Operations and technology management
A company's Chief Operating Officer (COO) is responsible for 'getting things done' - for organising the firm's people and resources to achieve organisational goals. Firms that excel at getting desirable things done quickly, efficiently and effectively, while responding to developing technology, changing customer needs and shifts in the competitive and regulatory landscape take a leading position in their industry.
To achieve operational excellence, companies need reliable internal processes, they need partners and they need to generate and leverage good ideas. These fundamental and interrelated building blocks of the field are also called process management, supply chain management and innovation management. In a nutshell, the academic discipline Operations and Technology Management (OTM) is concerned with the study of the fundamental principles that underlie the effective and efficient design and management of organisational processes, reliable partnerships and intra- and inter-organisational innovation capabilities.
The field is diverse and inherently multi-disciplinary, drawing on and applying fundamental insights from economics, industrial engineering, psychology and human behaviour. In addition, OTM requires a solid understanding of other organisational functions, especially strategy, marketing and some aspects of finance.
Within the wider academic OTM community, CJBS has a leading reputation in three areas, in which we recruit, train and place our PhD students:
- innovation management and new product development
- healthcare operations,
- managing risk, uncertainty and complexity
Our faculty have a broad range of methodological expertise which we apply in our research and in which we train our PhD students, including mathematical modelling, data analytics and econometrics, and behavioural laboratory and field experiments.
As an integral part of their research, our faculty members and PhD students leverage long-standing relationships with other departments at the University of Cambridge, with academic partners and PhD students at other universities around the world, as well as with a wide range of organisations in the private and public sectors, including in healthcare, life sciences, insurance and financial services industries. You can find more information on the research in the group on the faculty webpages of the Operations subject group.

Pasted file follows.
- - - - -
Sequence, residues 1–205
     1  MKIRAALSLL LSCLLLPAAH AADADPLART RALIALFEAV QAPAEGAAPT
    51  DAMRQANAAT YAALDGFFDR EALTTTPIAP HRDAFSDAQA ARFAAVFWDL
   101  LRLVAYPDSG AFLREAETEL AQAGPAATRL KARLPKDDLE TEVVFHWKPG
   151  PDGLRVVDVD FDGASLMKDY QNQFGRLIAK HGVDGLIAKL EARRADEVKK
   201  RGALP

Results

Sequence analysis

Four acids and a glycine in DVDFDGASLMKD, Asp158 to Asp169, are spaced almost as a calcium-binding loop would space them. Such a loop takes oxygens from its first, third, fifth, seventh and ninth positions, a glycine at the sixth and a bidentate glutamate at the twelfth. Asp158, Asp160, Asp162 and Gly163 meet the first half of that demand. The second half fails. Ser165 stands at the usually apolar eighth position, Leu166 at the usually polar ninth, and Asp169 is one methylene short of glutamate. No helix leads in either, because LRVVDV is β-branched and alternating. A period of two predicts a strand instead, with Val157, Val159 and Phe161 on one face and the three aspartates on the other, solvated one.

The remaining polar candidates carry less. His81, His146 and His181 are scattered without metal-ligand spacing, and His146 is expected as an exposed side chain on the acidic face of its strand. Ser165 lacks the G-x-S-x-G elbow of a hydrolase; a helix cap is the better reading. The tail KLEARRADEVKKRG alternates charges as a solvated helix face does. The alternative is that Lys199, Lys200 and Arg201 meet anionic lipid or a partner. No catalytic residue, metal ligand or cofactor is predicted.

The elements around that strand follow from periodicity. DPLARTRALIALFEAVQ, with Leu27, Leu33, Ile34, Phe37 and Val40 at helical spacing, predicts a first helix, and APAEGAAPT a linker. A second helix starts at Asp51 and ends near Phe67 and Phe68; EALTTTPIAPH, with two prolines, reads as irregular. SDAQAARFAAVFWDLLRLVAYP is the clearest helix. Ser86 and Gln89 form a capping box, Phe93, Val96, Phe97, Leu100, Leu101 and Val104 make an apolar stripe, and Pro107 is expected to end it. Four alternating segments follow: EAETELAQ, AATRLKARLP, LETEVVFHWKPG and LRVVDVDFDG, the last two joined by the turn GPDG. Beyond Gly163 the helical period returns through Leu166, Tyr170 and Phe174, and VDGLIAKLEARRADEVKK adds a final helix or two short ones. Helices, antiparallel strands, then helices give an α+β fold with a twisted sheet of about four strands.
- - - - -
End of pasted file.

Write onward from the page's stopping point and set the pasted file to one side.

What you can expect from the PhD pathway in Operations & Technology Management
During your PhD you will build personal and academic relationships with faculty and fellow PhD students that will last a lifetime. To begin with, the term PhD students is a misnomer. We do not regard you as a student but as a junior colleague - you will be an apprentice in the best sense of the word. A group of OTM faculty (your advisory team) will work with you and train you to become an independent researcher with an exciting research programme and a developing portfolio of academic papers that will help you succeed in the job market and gain a junior faculty position in a leading business school after your PhD.
You will take a series of courses focused on research methodology and the foundations of the discipline as well as more advanced research seminars, where you will learn to critique recent publications and current working papers. This will enable you to shape and position your own work as a significant contribution to the academic literature. This coursework component will be complemented with practical research training, where you will develop and execute research projects jointly with faculty members.
We will work with you to develop a coherent and innovative research programme that will form the basis for an interesting and influential academic career. While we expect you to engage with rigorous methods and theoretical arguments at the highest level, we are not interested in ivory tower research but instead expect your research programme to address highly relevant real-world problems and societal challenges. To this end, we will help you engage with organisations directly, for example through summer internships, or by accompanying one of your advisors in their partner organisations. This engagement can lead to teaching case studies on a phenomenon of interest, which open the door to more focused and in-depth academic research and may give you access to unique data, helping you shed new light on ongoing academic debates while, at the same time, gaining a deep understanding of the practical context and relevance of your academic work.
What we expect from our PhD students
We expect applicants to show a high level of commitment to an academic career in a business school as well as the desire to engage with external organisations. You will need to have a bachelors degree from a highly regarded university and have performed within the top five per cent of your class. A masters degree is welcome but not essential. Please see the Master of Research (MRes) or MPhil in Strategy, Marketing & Operations academic requirements for more detail. Most of our students have first degrees in economics, engineering, the sciences or other quantitatively orientated subjects.
We will need to see evidence of excellent writing skills and strong evidence of your quantitative ability, either through results in statistics and calculus courses at university level or through GRE results.
We very much welcome a few years of practical experience following your first degree.